Don't Twist My Arm
By Quinn Eastman
A leg up. Putting your foot in your mouth. Strong arm. Back-handed compliment.
Listening to metaphors involving arms or legs loops in a region of the brain responsible for visual perception of those body parts, scientists have discovered.
The finding, recently published in Brain & Language, is more evidence for “grounded cognition”—the idea that comprehension of abstract concepts in the brain is built upon concrete experiences, a proposal whose history extends back millennia to Aristotle.
When study participants heard sentences that included phrases such as “shoulder responsibility,” “foot the bill,” or “twist my arm,” they tended to engage a region of the brain called the left extrastriate body area (EBA). The same level of activation was not seen when participants heard literal sentences containing phrases with a similar meaning, such as “take responsibility” or “pay the bill.”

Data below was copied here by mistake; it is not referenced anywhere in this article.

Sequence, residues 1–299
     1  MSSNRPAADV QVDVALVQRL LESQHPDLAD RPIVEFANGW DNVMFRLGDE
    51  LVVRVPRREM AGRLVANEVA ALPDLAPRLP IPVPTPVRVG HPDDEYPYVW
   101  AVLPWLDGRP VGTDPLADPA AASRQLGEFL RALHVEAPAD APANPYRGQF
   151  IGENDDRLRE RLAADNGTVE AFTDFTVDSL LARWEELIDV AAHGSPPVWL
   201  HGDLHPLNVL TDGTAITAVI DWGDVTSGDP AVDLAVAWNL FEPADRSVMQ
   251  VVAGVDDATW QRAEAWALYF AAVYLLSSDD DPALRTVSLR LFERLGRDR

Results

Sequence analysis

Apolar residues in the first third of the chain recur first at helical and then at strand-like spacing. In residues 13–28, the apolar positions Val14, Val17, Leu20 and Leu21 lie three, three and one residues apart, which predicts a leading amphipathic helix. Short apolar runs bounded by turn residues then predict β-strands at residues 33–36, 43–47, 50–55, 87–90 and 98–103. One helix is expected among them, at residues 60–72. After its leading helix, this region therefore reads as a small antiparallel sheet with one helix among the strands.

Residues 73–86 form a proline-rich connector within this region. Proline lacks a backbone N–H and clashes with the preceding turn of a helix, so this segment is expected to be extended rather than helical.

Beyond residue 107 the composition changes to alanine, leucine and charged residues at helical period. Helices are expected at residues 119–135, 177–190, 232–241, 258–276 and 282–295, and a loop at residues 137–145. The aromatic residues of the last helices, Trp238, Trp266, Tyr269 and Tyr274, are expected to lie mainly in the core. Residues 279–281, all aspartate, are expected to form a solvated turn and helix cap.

The study included 12 right-handed, English-speaking people, and blood flow in their brains was monitored by functional MRI.
“The EBA is part of the extrastriate visual cortex, and it was known to be involved in identifying body parts,” says senior author Krish Sathian, professor of neurology, rehabilitation medicine, and psychology at Emory.
Sathian’s research team had previously observed that metaphors involving the sense of touch, such as “a rough day,” activate a region of the brain important for sensing texture.